Lance Armstrong plays down his chances of winning time trial at Tour de FranceBy Samuel Petrequin, AP
Friday, July 2, 2010
Armstrong wary of first week of Tour de France
ROTTERDAM, Netherlands, — The Tour de France gets under way Saturday and Lance Armstrong says he doesn’t expect to win the 5.5-mile prologue of what will be his last ride in cycling’s premier event.
The short and mainly flat stage through the Dutch port of Rotterdam’s city center doesn’t feature major problems, but Armstrong has recently struggled in the discipline. He used to dominate his rivals in time trials during his heyday.
Last year, his failure in the Annecy time trial hampered his chances in his comeback attempt to win the Tour for the eighth time. Armstrong eventually finished third.
“I’m not going to win on Saturday, I know that,” Armstrong said. “These time trials … I don’t know, it’s just I’ve lost it.”
Armstrong built his seven straight Tour victories with strong displays in the mountains and time trials. But at nearly 39 years old, he lacks explosiveness in the race against the clock.
Armstrong said this Tour is one of the toughest he’ll tackle, with riders going through seven dangerous and treacherous cobblestone sectors in the third stage.
“The first week, we can’t have any mistake,” Armstrong said. “We can’t lose time. I have to get through the first week neutral. There will be people, I think, that will be minutes behind.
“If you consider the first three or four stages in relation to the last four stages, it’s a full race. There is three weeks of real racing. It’s start to finish.”
The Texas has had a complicated season without much time to practice. He was expected to compete in time trials at the Circuit de la Sarthe and at the Tour of California, but had to withdraw because of illness and a crash.
“He did some time trial work, but it has been a catch-up constantly to find a good condition,” said Armstrong’s RadioShack sports director Johan Bruyneel.
Armstrong finished second at the Tour of Switzerland last month following a solid performance in the final stage.
Among the prologue favorites are Olympic time trial champion Fabian Cancellara of Switzerland, Bradley Wiggins and David Millar of Britain as well as Tony Martin of Germany.
“For sure, to win this stage is a big goal,” Martin said. “Hopefully, I will be able to achieve this.”
Armstrong’s hopes have been boosted this year because there is only one big time trial scheduled during the three-week race, coming on the eve of the finish on the Champs-Elysees.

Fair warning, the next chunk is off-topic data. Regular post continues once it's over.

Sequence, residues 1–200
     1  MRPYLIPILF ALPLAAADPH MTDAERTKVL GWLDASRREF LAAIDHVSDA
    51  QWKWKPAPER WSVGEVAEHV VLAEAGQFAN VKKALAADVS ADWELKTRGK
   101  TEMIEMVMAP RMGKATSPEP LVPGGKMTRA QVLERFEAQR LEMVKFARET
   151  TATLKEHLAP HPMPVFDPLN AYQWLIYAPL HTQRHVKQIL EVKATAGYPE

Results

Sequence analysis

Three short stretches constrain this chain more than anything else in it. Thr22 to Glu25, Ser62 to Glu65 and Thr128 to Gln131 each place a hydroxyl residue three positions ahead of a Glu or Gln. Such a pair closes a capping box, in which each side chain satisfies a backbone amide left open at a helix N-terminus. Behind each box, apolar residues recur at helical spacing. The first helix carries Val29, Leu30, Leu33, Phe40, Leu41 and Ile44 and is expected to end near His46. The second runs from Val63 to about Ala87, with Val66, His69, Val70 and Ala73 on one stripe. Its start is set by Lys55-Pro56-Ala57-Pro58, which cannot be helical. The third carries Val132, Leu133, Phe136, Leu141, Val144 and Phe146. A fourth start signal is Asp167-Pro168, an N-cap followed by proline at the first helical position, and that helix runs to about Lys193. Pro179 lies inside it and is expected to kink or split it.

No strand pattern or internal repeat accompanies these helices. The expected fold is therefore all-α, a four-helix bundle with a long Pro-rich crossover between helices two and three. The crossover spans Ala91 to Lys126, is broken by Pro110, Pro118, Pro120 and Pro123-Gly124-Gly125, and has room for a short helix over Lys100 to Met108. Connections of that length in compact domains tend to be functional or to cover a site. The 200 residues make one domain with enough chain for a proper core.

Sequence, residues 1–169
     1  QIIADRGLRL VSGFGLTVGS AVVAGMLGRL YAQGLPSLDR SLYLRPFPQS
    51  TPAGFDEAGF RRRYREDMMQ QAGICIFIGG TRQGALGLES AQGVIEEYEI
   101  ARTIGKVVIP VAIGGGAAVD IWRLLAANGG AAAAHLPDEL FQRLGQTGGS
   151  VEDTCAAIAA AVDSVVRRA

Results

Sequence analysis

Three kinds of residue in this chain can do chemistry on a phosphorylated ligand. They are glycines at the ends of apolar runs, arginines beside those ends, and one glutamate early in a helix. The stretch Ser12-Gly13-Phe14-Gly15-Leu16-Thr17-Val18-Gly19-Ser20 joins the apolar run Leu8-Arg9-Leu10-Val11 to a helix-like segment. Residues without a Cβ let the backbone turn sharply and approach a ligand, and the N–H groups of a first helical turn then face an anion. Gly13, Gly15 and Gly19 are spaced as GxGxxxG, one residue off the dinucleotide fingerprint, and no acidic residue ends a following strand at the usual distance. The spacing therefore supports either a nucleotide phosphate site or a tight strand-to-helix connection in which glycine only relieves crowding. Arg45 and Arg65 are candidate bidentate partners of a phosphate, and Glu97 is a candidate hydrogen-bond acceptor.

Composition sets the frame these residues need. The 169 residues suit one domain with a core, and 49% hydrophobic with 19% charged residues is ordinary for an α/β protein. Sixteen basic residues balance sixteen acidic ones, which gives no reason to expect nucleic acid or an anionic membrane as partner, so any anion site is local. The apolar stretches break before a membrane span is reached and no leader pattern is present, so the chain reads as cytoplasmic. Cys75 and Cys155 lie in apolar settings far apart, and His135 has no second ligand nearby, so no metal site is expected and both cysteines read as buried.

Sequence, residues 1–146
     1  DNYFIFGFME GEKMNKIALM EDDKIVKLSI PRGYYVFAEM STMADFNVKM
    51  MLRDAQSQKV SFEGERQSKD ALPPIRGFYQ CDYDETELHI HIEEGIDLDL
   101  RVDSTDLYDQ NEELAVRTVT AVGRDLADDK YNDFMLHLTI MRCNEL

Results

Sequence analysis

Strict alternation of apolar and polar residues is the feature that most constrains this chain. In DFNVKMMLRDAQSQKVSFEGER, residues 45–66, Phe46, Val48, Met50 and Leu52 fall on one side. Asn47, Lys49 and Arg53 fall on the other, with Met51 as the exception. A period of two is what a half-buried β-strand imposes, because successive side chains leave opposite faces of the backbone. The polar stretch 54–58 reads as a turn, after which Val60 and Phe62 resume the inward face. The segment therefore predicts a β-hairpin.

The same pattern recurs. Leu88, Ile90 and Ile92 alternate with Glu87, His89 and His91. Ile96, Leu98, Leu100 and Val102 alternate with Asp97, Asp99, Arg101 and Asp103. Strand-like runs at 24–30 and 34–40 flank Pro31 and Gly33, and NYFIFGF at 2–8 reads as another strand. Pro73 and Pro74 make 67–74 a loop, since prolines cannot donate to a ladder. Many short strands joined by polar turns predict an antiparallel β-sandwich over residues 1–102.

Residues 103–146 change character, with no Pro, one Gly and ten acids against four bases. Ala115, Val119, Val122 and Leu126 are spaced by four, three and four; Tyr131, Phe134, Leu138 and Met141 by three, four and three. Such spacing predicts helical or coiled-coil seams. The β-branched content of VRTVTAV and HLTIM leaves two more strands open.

The course has 23 mountain passes and favors defending champion Alberto Contador, who is considered the best climber.
Contador says Armstrong can’t be ruled out.
“I think he’s stronger than last year,” the 27-year-old Spaniard said. “There are maybe about 10 to 12 riders with intentions to win the Tour, and Armstrong is among them.”
Contador had a tense relationship with the seven-time champion when they rode together on the Astana team last year.
“He seems very motivated, we’ll have to look out for him,” Contador said.
Contador is aiming to win the Tour for the third time, with help from Alexandre Vinokourov, a Kazakh star who is returning from a two-year doping ban.
“My relations with Vino are excellent, there’s great trust between us, and it’s impossible that something like last year will happen this year,” Contador said.
The race features a daunting last week in the Pyrenees, with four stages in the mountains that form the border of France and Spain. The Tourmalet, one of the toughest climbs in cycling, will be scaled twice.
“The route is better than last year’s because there are more mountains,” Contador said. “And finishing with the Tourmalet is great for me.”
Returning to the Tour after a two-year doping ban, Giro d’Italia winner Ivan Basso said the cobblestones stage was “a bit frightening.”
“It’s going to be a very difficult stage,” Basso said. “This stage doesn’t suit my skills and I will have to be very relaxed. But we had a stage with the same kind of stress level during the Giro, and I handled it well.”
Associated Press Writer Jamey Keaten in Rotterdam contributed to this report.
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